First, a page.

The Armenian Apostolic Church has in many ways been undertaking the mission of heeling the nation in most turbulent periods of our history. True to its mission, the Church has been both on the home front and the frontline during the 44-day war of 2020.
Many clergymen wore military uniforms on top of their religious robes, took weapon with their crosses and moved to the frontline. Those staying behind in the home front within a very short period of time came up with efforts and initiatives to support those most affected by the war.
One of those most notable initiatives, under the auspices and by the blessing of the Catholicos of All Armenians, has been “Artsakh Outreach” project. This project, implemented by the Social affairs department of the Mother See, has been carefully coordinated by a committee under the chairmanship of Archbishop Khajag Barsamian – the Pontifical Legate of the Western Europe and Representative of the Armenian Church to the Vatican. By the decree of His Holiness Karekin II, the committee includes clergymen and laypeople serving in the Mother See and all corners of the world.
“It has been very moving to see that every soldier had a cross and that on the walls they carved crosses or made those of stones, I saw makeshift chapels near the trenches”. Archbishop Khajag Barsamian
“It’s a natural part of the mission of the Armenian Apostolic Church to extend help, assistance and support to those in need. The Christ offered the best example of that with His life and commandments”, – tells Archbishop Khajag Barsamian thus starting to tell the background story of Artsakh Outreach project.
Khajag Srpazan reminds us of the old and new stories when the Church has come to the rescue of its people: “We know that Catholicos Nerses the Great had established charity endeavours in the early stages of Christianity in Armenia, such as monasteries, orphanages, hospitals. When the Spitak earthquake happened in 1988, Torkom Srpazan, who at the time was the Primate of Eastern Diocese, was among the very first to arrive in Armenia together with Kevork Hovnanian and Edgar Hovsepyan. It was at that time that the Eastern Diocese established the FAR, or the Fund for Armenian Relief, which continues its operations to this day. And that was not something very unique, all Armenian dioceses abroad launched such efforts”.
Fast forward to our days, Archbishop Barsamian mentions with a sense of responsibility and acknowledgment that in the course of the latest war in Artsakh in 2020, the Catholicos of All Armenians has launched the Artsakh Outreach project with diverse membership. “All the members are grateful to His Holiness for nominating us to serve in this effort. We are united in one goal – to deliver the best available assistance to those in need”, Srpazan says.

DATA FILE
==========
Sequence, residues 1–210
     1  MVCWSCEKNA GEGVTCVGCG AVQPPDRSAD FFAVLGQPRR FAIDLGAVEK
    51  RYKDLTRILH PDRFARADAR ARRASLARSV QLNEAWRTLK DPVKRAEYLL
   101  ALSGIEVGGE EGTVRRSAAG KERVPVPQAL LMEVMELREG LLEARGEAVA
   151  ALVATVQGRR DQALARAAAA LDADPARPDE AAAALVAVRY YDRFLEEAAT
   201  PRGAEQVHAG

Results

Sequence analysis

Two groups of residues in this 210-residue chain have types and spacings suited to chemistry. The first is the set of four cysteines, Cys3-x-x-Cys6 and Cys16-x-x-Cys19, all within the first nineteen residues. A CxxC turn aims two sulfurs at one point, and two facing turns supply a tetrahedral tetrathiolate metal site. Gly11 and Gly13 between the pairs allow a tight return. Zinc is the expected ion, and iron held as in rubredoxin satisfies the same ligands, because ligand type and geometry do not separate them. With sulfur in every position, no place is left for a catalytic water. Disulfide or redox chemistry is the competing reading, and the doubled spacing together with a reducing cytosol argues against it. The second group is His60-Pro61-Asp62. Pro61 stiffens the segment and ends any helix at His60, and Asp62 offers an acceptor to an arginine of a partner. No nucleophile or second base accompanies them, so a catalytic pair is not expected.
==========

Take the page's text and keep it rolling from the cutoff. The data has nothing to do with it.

Archbishop Barsamian remembers with gratitude about all the individuals who have contributed thus far to this project, asking for forgiveness for the names that might be missing: “Primate of Western Diocese Archbishop Hovnan Derderian, Primate of Russian and Nor Nakhijevan Diocese Archbishop Yezras Nersisyan, Primate of Egyptian Diocese Bishop Ashot Mnatsakanyan, Primate of Australia and New Zealand Diocese Archbishop Haigazoun Najarian, as well as many-many laypersons who have important administrative functions within the Armenian Church globally, such as James Kaloustian from Boston, who has long been Eastern Diocese Council member, Oscar Tatosian – again a Eastern Diocese Council member and Armenia’s Honorary Consul in Chicago, Sinan Sinanian from California who also is Vice-President of the AGBU, Varoujan Altebarmakian who used to be Western Diocese Council member… Many-many other clergymen and laypersons from Armenia. All of them very devoted to this effort and are high-class professionals in their fields”.
The Artsakh Outreach project has primarily humanitarian goal of providing food and supplies to those most affected by the latest war, which leaves the question of other needs, such as healthcare and educational, hanging in the air. Khajag Srpazan says that those needs will be addressed by the Church in due course: “Naturally, we need to address that too. The FAR has over the years spent around $350mln, among other projects, also on educational and healthcare endeavours, and the Church will continue this work”.